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The New Zealand Railways Magazine, Volume 11, Issue 3 (June 1, 1936)

The Radio and Sport

The Radio and Sport.

Five or six years ago radio broadcasting had not reached the high state of perfection that we know it to be to-day, and few purchasers of sets realised just what wide range of entertainment was to be put at their disposal. Nowadays it is accepted as commonplace to hear broadcasts of the running of the Melbourne Cup, the All Blacks playing in England, Royal messages from England, or English radio programmes. But in sport and radio there is always something fresh to interest those who are not blase. When Jack Lovelock raced Glenn Cunningham in America last year, an English sporting writer timed the race in England! He started his watch at the report of the gun heard by radio in England and stopped it as the announcer told of Lovelock passing
The Bessborough Hotel of the Canadian National Railways at Saskatoon, Canada.

The Bessborough Hotel of the Canadian National Railways at Saskatoon, Canada.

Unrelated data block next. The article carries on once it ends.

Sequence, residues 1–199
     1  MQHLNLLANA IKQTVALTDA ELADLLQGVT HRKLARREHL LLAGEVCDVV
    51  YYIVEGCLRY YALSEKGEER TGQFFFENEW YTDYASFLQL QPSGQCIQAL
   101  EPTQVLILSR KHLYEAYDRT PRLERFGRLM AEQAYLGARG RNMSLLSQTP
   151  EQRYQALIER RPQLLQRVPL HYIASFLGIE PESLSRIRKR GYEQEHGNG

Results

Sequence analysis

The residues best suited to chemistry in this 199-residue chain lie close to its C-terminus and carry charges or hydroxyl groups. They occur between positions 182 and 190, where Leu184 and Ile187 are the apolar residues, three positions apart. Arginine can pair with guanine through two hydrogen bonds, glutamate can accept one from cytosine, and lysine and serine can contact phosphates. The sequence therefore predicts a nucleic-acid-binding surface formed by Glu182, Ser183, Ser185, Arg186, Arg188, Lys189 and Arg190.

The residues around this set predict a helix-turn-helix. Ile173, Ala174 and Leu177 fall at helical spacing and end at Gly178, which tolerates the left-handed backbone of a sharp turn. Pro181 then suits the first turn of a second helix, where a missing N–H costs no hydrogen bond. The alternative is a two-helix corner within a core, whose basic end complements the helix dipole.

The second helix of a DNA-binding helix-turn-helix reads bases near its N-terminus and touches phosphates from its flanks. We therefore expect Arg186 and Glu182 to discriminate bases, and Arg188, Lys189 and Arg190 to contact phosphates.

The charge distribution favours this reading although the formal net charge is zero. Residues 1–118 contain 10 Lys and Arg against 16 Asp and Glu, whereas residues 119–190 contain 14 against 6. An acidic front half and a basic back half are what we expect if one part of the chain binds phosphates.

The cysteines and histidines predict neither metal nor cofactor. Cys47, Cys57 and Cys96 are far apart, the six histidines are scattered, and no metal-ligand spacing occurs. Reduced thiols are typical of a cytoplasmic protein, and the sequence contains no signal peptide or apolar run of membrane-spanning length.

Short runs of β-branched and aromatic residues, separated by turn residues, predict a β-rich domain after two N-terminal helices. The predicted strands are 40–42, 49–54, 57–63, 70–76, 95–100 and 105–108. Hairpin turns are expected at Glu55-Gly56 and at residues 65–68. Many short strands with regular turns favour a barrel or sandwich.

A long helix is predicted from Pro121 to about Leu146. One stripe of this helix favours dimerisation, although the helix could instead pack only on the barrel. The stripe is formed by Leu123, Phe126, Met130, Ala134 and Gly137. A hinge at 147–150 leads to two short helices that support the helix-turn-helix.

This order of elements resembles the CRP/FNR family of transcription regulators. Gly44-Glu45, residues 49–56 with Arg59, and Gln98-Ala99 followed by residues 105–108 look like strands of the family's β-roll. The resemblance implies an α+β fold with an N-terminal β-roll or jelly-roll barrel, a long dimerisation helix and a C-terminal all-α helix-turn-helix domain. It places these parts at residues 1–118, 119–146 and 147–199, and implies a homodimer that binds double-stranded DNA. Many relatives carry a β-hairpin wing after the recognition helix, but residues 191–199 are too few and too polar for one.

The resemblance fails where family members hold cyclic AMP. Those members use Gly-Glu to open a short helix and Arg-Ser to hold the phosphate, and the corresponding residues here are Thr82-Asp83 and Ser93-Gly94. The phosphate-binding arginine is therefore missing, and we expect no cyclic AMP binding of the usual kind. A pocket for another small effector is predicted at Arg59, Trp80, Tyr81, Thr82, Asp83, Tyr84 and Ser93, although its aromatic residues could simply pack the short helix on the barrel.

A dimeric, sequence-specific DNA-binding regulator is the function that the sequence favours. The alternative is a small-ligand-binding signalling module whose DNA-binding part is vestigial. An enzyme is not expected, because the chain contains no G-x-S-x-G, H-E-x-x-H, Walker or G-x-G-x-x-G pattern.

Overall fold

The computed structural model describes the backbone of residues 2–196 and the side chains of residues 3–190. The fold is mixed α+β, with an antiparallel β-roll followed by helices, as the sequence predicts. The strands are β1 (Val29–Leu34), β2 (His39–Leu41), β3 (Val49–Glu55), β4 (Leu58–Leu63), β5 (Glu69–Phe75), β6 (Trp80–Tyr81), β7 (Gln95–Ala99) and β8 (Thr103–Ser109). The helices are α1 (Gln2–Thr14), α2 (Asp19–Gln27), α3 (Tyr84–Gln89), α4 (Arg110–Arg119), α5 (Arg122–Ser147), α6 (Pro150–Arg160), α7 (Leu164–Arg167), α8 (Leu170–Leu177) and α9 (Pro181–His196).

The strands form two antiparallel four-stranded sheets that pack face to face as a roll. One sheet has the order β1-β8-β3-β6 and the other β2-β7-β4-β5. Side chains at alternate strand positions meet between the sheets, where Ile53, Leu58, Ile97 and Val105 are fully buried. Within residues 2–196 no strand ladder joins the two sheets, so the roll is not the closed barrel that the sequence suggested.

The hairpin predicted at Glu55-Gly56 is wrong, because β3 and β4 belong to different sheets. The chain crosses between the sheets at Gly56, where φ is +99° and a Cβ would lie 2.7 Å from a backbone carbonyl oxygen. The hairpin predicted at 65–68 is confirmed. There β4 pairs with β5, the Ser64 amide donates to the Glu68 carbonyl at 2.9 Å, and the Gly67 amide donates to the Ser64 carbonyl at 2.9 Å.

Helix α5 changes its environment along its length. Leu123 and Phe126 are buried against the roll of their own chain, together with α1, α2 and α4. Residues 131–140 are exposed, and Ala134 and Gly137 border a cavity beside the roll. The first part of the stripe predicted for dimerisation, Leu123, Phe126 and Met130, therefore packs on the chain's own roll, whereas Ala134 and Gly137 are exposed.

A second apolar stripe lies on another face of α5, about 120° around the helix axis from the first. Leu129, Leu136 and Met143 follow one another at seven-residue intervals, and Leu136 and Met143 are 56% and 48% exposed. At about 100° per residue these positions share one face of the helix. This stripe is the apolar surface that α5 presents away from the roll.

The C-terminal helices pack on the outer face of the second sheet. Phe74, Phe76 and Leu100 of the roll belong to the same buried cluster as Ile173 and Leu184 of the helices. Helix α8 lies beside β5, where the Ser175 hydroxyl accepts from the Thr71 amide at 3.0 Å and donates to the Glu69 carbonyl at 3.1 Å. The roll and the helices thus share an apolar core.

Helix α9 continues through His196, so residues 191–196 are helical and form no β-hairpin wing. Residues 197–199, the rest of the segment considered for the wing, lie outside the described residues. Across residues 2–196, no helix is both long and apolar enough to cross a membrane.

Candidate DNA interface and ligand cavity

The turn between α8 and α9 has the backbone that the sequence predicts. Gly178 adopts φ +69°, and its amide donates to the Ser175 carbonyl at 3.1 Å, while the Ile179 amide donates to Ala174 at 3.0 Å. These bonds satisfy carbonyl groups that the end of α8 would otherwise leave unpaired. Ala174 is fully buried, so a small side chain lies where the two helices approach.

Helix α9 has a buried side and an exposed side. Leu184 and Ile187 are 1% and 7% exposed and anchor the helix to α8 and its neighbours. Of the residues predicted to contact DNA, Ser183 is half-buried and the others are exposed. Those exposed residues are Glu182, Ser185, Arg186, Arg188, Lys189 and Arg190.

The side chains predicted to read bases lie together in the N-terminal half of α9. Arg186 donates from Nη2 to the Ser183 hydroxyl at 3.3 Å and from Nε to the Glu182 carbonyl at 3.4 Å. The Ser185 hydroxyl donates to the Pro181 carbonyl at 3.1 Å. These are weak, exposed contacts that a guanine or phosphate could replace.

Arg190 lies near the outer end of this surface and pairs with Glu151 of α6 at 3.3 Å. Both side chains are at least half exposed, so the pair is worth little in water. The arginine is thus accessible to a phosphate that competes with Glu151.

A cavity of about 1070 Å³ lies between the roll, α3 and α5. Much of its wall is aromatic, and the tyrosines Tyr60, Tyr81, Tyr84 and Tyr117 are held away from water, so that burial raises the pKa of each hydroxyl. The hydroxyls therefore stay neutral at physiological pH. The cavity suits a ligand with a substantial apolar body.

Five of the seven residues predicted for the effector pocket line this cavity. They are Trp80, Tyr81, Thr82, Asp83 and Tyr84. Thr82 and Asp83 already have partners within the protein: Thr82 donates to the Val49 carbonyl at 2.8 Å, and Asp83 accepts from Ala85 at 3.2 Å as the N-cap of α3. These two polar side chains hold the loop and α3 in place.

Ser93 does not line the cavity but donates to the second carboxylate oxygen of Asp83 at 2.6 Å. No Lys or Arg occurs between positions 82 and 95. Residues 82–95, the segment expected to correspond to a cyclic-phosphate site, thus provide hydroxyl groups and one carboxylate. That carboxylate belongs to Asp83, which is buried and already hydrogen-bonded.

the post—and his watch showed time only one-fifth of a second slower than the official time! That was just one of the thrilling uses of radio in sport. Another example comes from the Arctic wastes. Here it is: —

When H. B. Toft was selected as a hooker for England in a recent Rugby match he received innumerable congratulatory messages, but the one he prized most came by radio from Brandy Bay. It read: “Congratulations, good luck in match,” and was signed “Moss.” The sender was R. Moss, a school contemporary of Toft's. Nothing thrilling about that, is there? But wait a minute—. Moss is a member of the Oxford University Arctic Expedition to North-east Island. The party consists of ten men with a base camp at Brandy Bay, but Moss and one companion have established a camp of two on the ice about forty miles inland—(or in-ice?)—where they are conducting physical research into the nature of the ice. They are completely isolated for fourteen months, and from March to the end of April Moss was alone living in a hole bored in the ice, while his companion, was away on another task of research. The only means of communicating with the main party, and the outside world, was by wireless. The batteries were charged daily by suspending a bicycle and pedalling, the back wheel geared to a small dynamo. The names of the English team reached Moss over his radio, and

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